GENERAL MOTORS raised more than a few eyebrows last week by announcing plans to repay what it describes as $6.7 billion in outstanding loans to taxpayers. So provocative was this announcement that it all but overshadowed the real news of the day: G.M. had lost $1.2 billion since exiting bankruptcy in July, and its fourth-quarter results were expected to be worse.
The company’s chief executive, Fritz Henderson, called the repayment plan “a personal commitment.” The Obama administration, wardens of the 60 percent taxpayer stake in the company, declared itself “encouraged” by the news. Many commentators followed suit. But in the premature rush to herald the beginning of the end of the government’s involvement in the auto industry, a number of key considerations were left out.
For starters, $6.7 billion doesn’t begin to scratch the surface of what G.M. actually owes us. Over the past 12 months, the Treasury has given it some $52 billion in the form of cash, loans and the purchase of that 60 percent of the company’s post-bankruptcy equity. And that number fails to take into account the two bailouts of G.M.’s former lending arm, GMAC, or the $3 billion spent on the “cash for clunkers program,” which doubtless kept the company from posting even deeper losses.
Moreover, G.M. is not, in the strictest sense, paying back taxpayers at all. Rather, it is refunding $6.7 billion of an $18 billion escrow account that was given to it by the government when it emerged from bankruptcy. The rest of that account will be used to cover fourth-quarter losses (including $2.8 billion pledged for the rescue of G.M.’s major parts supplier, Delphi), repay loans from the Canadian government, and possibly prop up the automaker’s shaky European operations. That escrow account is due to expire in June, at which time G.M. will repay what remains of the $6.7 billion from this week’s pledge — and then pocket the estimated $5.6 billion remainder.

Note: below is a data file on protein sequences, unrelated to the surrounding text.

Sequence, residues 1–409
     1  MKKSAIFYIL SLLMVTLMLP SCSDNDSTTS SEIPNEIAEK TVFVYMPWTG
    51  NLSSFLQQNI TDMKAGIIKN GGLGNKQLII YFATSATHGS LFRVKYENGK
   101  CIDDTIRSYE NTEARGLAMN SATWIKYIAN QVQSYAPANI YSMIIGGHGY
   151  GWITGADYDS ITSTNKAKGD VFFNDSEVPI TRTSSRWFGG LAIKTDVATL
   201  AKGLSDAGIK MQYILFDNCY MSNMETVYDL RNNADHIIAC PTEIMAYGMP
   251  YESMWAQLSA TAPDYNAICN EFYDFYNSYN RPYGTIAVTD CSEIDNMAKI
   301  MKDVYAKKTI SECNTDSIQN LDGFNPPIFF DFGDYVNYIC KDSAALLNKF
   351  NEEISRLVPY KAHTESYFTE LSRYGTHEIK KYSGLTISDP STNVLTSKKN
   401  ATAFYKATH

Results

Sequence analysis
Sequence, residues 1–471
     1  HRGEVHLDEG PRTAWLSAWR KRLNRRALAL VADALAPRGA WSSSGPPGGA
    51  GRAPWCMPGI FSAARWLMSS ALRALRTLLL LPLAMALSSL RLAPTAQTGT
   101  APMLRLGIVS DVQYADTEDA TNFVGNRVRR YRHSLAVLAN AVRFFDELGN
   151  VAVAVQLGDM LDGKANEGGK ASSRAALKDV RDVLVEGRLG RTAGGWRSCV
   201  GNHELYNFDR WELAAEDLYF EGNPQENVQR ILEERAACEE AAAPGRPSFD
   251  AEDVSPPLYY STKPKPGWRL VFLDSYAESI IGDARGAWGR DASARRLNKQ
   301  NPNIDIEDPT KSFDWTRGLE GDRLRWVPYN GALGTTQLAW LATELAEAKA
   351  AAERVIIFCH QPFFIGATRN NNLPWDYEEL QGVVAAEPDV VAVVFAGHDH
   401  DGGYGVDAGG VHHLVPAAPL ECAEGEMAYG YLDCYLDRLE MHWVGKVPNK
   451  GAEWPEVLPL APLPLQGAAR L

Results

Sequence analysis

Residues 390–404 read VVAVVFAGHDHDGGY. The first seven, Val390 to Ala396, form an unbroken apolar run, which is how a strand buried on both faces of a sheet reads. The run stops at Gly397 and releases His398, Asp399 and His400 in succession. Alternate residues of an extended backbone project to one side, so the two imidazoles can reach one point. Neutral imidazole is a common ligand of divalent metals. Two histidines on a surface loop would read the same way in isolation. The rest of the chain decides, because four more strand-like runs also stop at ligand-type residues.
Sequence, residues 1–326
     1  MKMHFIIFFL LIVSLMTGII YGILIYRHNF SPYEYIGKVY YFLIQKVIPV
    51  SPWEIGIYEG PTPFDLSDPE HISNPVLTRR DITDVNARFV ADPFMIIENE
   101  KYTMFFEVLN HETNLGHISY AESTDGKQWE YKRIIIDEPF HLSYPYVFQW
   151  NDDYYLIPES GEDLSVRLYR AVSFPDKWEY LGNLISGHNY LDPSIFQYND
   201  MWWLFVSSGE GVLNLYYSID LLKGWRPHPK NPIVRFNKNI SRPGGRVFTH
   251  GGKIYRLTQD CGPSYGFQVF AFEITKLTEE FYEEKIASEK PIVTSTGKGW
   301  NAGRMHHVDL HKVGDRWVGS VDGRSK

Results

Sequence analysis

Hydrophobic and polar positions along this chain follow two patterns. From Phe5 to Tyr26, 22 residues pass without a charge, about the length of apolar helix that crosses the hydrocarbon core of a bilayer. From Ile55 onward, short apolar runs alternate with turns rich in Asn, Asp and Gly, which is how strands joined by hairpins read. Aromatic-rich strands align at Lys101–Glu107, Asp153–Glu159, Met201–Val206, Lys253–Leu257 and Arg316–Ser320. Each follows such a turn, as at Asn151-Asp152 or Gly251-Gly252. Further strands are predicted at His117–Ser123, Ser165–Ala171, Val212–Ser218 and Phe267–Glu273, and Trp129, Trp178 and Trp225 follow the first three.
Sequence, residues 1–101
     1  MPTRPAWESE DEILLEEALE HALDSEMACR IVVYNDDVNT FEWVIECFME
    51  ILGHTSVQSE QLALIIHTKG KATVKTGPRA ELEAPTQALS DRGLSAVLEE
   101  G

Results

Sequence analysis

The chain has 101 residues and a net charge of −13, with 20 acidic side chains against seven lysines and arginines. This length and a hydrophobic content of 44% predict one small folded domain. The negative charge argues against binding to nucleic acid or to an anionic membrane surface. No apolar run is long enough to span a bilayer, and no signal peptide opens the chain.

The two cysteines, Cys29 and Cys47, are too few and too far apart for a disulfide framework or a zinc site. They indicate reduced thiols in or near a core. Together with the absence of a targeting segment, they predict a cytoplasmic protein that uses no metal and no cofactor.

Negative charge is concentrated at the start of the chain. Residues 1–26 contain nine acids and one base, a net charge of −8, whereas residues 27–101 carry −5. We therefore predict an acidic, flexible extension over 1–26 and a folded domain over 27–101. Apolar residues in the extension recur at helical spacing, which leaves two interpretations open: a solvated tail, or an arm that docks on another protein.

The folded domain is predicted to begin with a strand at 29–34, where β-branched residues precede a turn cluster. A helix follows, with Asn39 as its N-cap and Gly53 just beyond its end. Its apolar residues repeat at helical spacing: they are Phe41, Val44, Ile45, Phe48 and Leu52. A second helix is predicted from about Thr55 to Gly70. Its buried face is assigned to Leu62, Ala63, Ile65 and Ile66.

In fairness, G.M. was clear up front that it would not be able to make the taxpayers whole through cash payments alone. Rightly so: for all the talk of slimmed-down cost structures and booming sales in China, G.M. isn’t making any profit with which to repay its debts.
The big news here was Mr. Henderson’s indication that he might have another way for his company to make things right: an initial public offering of G.M. equity. This, he says, could take place as soon as next year; it would not only free the government and G.M. from their souring embrace, but would also represent G.M.’s best and last opportunity to pay back the public.
Unfortunately, any hope of an I.P.O. completely repaying taxpayers is wildly optimistic. Even before Mr. Henderson hinted at a timeline, a Government Accountability Office report pointed out that G.M. would have to attract a market capitalization of $66.9 billion for taxpayers to recoup the government’s investment. Sorry, but that’s a pipe dream: G.M. has never been worth more than $57 billion, and that was in the salad days of 2000.